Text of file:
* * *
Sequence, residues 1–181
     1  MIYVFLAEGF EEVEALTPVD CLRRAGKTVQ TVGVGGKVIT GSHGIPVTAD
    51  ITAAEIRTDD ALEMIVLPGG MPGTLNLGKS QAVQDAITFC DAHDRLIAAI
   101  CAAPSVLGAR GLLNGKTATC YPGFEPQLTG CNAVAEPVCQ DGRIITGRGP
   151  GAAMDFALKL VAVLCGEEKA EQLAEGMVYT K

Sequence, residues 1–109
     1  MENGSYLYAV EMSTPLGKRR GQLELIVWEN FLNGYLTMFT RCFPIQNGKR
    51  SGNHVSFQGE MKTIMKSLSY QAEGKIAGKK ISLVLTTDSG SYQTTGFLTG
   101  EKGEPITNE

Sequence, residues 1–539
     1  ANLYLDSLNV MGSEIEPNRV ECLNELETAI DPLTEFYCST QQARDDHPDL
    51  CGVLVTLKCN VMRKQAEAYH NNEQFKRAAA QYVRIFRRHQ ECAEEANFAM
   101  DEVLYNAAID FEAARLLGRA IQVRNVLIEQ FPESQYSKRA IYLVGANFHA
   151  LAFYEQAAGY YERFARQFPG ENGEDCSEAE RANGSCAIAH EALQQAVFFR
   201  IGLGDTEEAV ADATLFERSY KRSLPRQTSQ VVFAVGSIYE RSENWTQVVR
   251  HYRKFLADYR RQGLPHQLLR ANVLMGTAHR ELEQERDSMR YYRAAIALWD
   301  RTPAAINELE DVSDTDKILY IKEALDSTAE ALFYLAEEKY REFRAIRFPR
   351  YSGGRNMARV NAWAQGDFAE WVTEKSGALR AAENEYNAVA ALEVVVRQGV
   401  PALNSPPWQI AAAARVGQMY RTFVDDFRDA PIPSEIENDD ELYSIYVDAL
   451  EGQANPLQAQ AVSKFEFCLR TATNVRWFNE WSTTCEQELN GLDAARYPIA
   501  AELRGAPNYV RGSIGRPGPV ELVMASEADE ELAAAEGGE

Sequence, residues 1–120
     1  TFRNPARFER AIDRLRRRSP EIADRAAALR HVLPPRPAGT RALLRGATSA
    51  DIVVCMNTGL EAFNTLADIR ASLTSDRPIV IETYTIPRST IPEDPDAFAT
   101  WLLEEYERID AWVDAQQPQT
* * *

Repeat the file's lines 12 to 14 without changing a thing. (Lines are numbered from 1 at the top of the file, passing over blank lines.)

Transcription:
    51  CGVLVTLKCN VMRKQAEAYH NNEQFKRAAA QYVRIFRRHQ ECAEEANFAM
   101  DEVLYNAAID FEAARLLGRA IQVRNVLIEQ FPESQYSKRA IYLVGANFHA
   151  LAFYEQAAGY YERFARQFPG ENGEDCSEAE RANGSCAIAH EALQQAVFFR